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16 Greatest Hits

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Download links and information about 16 Greatest Hits by The Platters. This album was released in 1976 and it belongs to Hip Hop/R&B, Soul, Pop genres. It contains 16 tracks with total duration of 44:37 minutes.

Artist: The Platters
Release date: 1976
Genre: Hip Hop/R&B, Soul, Pop
Tracks: 16
Duration: 44:37
Buy on iTunes $9.99

Tracks

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No. Title Length
1. The Great Pretender 3:18
2. I'm Sorry 2:55
3. I Love You 1000 Times 2:41
4. Red Sails In the Sunset 2:22
5. Sweet Sweet Lovin' 1:57
6. Smoke Gets In Your Eyes 2:28
7. Delilah 3:34
8. Harbor Lights 3:06
9. My Prayer 3:26
10. Washed Ashore (On a Lonely Island In the Sea) 2:52
11. (You've Got) The Magic Touch 2:42
12. Only You (And You Alone) 2:46
13. Heaven On Earth 2:41
14. I Love You, Yes I Do 2:35
15. All My Love Belongs to You 2:32
16. Twilight Time 2:42

Details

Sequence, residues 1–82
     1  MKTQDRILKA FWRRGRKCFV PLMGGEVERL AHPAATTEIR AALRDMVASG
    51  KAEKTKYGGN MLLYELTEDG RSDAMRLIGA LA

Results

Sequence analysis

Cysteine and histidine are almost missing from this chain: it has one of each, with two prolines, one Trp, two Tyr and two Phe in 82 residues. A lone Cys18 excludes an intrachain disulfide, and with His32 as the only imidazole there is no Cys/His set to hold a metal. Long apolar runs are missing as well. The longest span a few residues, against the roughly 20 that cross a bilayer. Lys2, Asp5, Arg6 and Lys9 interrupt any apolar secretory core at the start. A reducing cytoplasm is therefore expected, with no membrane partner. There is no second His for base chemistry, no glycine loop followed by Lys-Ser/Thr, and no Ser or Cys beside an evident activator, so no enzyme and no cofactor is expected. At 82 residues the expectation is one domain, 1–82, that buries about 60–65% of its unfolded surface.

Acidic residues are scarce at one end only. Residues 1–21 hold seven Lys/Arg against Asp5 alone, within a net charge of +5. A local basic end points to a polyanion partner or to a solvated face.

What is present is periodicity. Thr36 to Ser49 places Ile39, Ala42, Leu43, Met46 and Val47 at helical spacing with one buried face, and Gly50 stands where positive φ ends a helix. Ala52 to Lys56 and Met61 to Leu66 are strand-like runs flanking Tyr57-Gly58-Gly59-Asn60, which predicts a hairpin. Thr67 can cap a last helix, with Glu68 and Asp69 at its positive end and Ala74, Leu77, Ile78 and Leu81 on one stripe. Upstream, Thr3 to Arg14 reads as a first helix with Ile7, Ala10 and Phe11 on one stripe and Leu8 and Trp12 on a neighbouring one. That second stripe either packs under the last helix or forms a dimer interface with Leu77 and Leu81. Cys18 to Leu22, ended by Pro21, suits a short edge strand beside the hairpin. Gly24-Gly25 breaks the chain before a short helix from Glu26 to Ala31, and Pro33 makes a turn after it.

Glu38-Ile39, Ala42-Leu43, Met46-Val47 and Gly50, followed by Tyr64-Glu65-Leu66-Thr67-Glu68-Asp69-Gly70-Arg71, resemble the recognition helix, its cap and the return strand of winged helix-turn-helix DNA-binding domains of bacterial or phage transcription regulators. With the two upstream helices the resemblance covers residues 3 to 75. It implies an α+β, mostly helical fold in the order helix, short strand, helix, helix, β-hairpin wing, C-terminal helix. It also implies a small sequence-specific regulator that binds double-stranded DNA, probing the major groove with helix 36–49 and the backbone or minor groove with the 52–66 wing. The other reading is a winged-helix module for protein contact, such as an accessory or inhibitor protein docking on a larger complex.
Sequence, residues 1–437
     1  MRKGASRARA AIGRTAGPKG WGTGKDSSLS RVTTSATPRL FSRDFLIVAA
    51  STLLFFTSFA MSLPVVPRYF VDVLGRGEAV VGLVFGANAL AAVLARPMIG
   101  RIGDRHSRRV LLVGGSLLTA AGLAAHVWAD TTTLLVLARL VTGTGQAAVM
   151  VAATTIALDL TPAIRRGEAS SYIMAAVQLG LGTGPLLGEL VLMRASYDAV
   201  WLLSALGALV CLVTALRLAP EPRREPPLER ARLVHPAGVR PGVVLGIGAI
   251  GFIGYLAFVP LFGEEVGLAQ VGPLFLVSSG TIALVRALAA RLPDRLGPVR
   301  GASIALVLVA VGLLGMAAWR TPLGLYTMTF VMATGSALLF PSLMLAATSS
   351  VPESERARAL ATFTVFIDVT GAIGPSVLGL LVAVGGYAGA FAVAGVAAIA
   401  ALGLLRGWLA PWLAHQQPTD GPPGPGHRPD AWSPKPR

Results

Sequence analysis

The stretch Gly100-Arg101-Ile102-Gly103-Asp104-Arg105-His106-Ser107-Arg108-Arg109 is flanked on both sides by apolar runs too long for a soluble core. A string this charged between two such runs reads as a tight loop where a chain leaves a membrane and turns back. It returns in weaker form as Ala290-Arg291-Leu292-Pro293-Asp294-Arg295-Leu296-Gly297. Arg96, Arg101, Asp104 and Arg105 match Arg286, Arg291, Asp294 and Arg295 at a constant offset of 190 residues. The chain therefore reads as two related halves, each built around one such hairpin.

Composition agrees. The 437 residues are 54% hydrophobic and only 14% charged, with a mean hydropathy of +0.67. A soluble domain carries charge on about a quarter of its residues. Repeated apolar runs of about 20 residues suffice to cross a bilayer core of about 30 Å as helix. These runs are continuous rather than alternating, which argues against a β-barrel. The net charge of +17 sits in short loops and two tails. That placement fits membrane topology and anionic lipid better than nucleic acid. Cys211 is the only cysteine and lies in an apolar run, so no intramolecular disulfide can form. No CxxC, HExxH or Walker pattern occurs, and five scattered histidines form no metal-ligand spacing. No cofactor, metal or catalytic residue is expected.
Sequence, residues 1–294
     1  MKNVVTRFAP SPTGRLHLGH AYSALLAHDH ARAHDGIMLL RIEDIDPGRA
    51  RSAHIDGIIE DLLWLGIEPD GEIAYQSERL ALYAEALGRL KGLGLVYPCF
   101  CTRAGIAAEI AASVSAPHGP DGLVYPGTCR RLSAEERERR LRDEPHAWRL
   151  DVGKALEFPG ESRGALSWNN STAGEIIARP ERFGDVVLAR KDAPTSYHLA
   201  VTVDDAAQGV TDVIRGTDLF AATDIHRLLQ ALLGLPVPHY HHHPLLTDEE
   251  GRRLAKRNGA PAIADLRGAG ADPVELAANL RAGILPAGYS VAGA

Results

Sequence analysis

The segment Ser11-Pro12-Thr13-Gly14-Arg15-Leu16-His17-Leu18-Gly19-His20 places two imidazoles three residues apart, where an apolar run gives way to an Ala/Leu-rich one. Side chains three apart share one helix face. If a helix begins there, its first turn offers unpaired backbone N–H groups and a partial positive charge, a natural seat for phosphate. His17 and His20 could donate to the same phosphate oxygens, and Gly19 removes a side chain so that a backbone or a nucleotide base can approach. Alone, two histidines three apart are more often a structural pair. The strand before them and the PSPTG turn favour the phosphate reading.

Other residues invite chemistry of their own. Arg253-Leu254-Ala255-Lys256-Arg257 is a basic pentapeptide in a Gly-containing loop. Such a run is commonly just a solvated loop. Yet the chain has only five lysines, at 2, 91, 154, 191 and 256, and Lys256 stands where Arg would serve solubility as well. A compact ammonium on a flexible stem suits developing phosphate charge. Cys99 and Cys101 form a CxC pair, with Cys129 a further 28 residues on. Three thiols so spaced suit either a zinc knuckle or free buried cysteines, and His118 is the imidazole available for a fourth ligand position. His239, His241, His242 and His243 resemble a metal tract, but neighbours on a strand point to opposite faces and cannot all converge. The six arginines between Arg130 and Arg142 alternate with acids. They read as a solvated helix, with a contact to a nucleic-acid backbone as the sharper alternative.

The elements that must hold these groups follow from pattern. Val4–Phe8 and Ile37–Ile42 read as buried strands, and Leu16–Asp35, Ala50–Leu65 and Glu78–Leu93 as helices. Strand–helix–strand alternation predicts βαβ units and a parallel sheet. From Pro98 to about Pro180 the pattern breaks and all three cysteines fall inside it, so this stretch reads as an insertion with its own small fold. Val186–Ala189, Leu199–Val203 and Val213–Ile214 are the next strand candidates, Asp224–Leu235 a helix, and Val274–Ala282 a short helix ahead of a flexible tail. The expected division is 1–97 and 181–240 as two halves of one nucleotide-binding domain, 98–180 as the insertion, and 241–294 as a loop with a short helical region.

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16 Greatest Hits is a very misleading title for this budget LP from 1976, which doesn't contain 16 of the Ohio Players' biggest hits. If its title were accurate, the record would offer essential Mercury smashes like "Fire," "Love Rollercoaster," "Skin Tight," and "Jive Turkey." But none of those hits are anywhere to be found on this LP; nor does it include "Pain," "Funky Worm," "Pleasure," or any of the Players' other Westbound classics. Rather, the focus of 16 Greatest Hits is early material that Johnny Brantley produced for the Players in New York in 1968. Back then, the Players had yet to become well known — so this is hardly the greatest-hits collection that it claims to be. But while the LP doesn't contain the band's best-known or most essential recordings, it isn't a bad piece of vinyl to have in your collection. Before the Players became famous for 1970s funk, they embraced southern-style soul — and the Memphis/Stax influence is impossible to miss on enjoyable selections that include "It's a Crying Shame," "A Little Soul Party," "My Neighbors," and the singles "Trespassin'" and "I Got to Hold On." Back in 1976, 16 Greatest Hits went for as little as $2 — compared to the $4-$6 or more you would have paid for a new copy of Honey or Fire (depending on where you shopped for vinyl). So even though the title 16 Greatest Hits is an example of false advertising, this LP was a good deal in 1976.